Old Woody souvenir contest card, 1942. The Seattle Times Old Woodenface pitching contest ran continuously from 1920 to 1969. This card features Seattle Rainier pitcher Dewey Soriano, a former Woody contestant, and future Seattle Rainiers General Manager, PCL president, and Seattle Pilots owner. Participant Bob White threw 21 "strikes" in 27 tries, as evidenced by the punch holes on the card.

Black Diamond, Washington, Baseball Club, 1913.

1938 Bellingham Chinooks Baseball Club, Western International League. This team, featuring a number of former and future Major Leaguers and Pacific Coast Leaguers, played their home games at Battersby Park in Bellingham. They were affiliated with the PCL Hollywood Stars.

Vean Gregg, Seattle Indians, 1923. Sylveanus Augustus Gregg Jr. was born in Chehalis, Washington, in 1885. After playing amateur, semi-pro, and pro-ball in Washington, Idaho, and Montana, he won 32 games for the 1910 PCL champion Portland Beavers, prompting his move to the major league Cleveland Naps for the 1911 season. Gregg won 20 or more games in each of his first three seasons in the big leagues, and was on a fast track for a hall of fame career. Arm trouble cut his major league career short, but the 39-year-old Gregg later led the Seattle Indians to their first Pacific Coast League championship in 1924, winning 25 games. GreggÂ’s major league teammates included Shoeless Joe Jackson, Walter Johnson, and a youthful Red Sox pitcher named Babe Ruth. No less of an authority than Ty Cobb called him the greatest left handed pitcher ever. Gregg ran "The Home Plate," a restaurant/bar/sporting goods/card room in Hoquiam, Washington, and pitched in the Washington state Timber League well into his 40s. He passed away in 1964.

Bobby Morris, Seattle Cubs, Timber League, 1928. Bobby Morris was a prominent figure in Seattle sports circles for many years, and in many capacities. He was a baseball player, Rose Bowl referee, coach, and a trusted advisor to young players. He later served as King County Auditor. There is a playfield named in his honor on Capitol Hill.

1908 Spokane City League program cover. This was a "fast" semi-pro league, and a number of future prominent professionals passed through the league, including Northwest notables Vean Gregg and Joe Seaton. Another player in the 1908 season was future Seattle Times sports editor George Varnell.

1914 Seattle Nippon Baseball Club souvenir pinback button, 1914.

Omak, Washington, Baseball Club, 1913

This is a HistoryLink Baseball Memories slideshow by Seattle Baseball historian David Eskenazi, recounting early baseball in Washington. Written and curated by David Eskenazi. All images copyright 2003, David Eskenazi. Produced by Alyssa Burrows.

Eighteen ninety was the first year of professional baseball in Washington state. Three of the four franchise cities in the 1890 Pacific Northwest League were Washington-based: Seattle, Tacoma, and Spokane, with a Portland, Oregon, team rounding out the league.

Amateur, town team, and semi-professional baseball in Washington state pre-dated pro baseball by several decades. As in other states, development and expansion of baseball in Washington reflected the social and economic growth of the state itself. Town teams and city leagues sprung up in cities and regions of every size, and were often sponsored and supported by the dominant industries of their particular region. From the 1890s forward, professional, semi-pro, and amateur teams and leagues abounded across the entire state. Until air travel became common, most professional teams in Washington State competed with same-state franchises, along with teams from California, Oregon, Idaho, Montana, and Western Canada.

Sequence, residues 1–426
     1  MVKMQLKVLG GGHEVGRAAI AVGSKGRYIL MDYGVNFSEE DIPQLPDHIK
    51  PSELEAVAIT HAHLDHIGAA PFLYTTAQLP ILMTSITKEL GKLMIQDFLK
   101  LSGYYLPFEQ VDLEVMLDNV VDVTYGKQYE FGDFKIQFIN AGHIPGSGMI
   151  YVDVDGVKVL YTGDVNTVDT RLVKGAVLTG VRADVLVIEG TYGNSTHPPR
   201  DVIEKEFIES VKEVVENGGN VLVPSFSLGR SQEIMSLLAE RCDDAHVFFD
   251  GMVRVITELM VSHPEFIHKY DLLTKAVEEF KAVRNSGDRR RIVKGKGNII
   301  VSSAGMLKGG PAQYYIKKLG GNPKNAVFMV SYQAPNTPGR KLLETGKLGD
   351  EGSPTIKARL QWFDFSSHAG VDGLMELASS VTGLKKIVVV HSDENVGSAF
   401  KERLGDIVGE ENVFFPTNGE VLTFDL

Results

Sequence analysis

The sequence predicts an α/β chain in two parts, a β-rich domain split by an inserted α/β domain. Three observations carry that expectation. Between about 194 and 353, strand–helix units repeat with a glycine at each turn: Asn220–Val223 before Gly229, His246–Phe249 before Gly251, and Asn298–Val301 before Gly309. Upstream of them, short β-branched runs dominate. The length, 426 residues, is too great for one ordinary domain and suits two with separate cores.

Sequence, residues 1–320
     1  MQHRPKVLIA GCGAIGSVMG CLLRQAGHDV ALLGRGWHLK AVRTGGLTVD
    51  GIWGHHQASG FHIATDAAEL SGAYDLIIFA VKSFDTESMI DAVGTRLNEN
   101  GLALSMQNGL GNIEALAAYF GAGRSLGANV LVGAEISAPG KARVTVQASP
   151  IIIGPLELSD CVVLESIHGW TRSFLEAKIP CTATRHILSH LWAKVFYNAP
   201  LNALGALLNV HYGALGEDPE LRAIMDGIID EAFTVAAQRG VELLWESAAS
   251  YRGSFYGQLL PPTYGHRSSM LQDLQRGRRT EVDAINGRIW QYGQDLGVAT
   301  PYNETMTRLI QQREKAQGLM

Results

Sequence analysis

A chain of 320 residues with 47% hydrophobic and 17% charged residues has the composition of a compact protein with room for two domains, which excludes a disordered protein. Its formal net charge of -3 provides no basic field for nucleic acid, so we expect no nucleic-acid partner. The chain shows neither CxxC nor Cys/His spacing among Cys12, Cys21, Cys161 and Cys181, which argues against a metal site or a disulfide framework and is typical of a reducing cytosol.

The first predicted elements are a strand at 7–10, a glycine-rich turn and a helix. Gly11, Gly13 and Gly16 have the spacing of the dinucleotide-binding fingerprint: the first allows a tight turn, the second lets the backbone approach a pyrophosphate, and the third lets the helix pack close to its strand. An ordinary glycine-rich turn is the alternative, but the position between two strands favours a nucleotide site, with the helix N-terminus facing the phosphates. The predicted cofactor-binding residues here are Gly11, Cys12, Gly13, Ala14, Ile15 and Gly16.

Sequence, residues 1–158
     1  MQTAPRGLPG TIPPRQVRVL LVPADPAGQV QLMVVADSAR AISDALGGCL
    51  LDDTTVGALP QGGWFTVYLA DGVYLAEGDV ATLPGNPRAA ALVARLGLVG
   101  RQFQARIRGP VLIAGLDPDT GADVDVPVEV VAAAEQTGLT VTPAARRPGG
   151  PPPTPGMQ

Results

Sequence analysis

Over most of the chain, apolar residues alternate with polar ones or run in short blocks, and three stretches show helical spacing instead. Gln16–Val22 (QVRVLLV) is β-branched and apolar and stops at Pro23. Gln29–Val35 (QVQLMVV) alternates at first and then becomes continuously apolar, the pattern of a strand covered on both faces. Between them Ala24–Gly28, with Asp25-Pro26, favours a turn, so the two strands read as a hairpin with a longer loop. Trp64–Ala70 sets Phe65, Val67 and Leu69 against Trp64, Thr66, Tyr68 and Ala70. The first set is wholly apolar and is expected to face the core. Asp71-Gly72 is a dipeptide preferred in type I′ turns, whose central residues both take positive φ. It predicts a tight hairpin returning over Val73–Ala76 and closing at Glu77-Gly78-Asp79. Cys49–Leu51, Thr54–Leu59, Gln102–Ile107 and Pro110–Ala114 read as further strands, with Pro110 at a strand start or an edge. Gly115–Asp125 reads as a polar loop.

A number of prominent major leaguers were Washington-born and played in the state, including Snohomish-born Hall of Famer Earl Averill, Chehalis-born early century star pitcher Vean Gregg, and Seattle-born Mariner’s star John Olerud. John Olerud Sr. was a member of Seattle’s last professional championship baseball team -- the 1966 Pacific Coast League Seattle Angels. A year earlier, Earl Averill, Jr. donned a Seattle Angels uniform to cap off his professional career, which included seven years in the major leagues.

Colorful team nicknames were the order of the day in the early part of the century. Consider the franchises in the 1903 Class D Southwest Washington League: the Aberdeen Pippins, the Hoquiam Perfect Gentlemen, the Centralia Midgets, and the Olympia Senators. Other team nicknames included the Seattle Clamdiggers, Siwashes, Purple Sox and Indians, Everett Smokestackers, Grays Harbor Lumberman, Chehalis Gophers, Raymond Venetians, North Yakima Braves, and the Spokane Hawks.

The longest tenured and highest level professional leagues with Washington state franchises include the:

  • Pacific Coast League (1903-1906, 1919-1968)
  • Northwestern League (1906-1917)
  • Western International League (1937-1954)
  • Northwest League (1955-present)
  • American League (1969, 1977-present)

Popular semi-professional and city leagues also flourished, particularly in the first 40 years of the twentieth century. The Timber League, Puget Sound League, Northwest League, and Tacoma and Spokane City Leagues were amongst the fastest and most entertaining, and cultivated many future pro stars.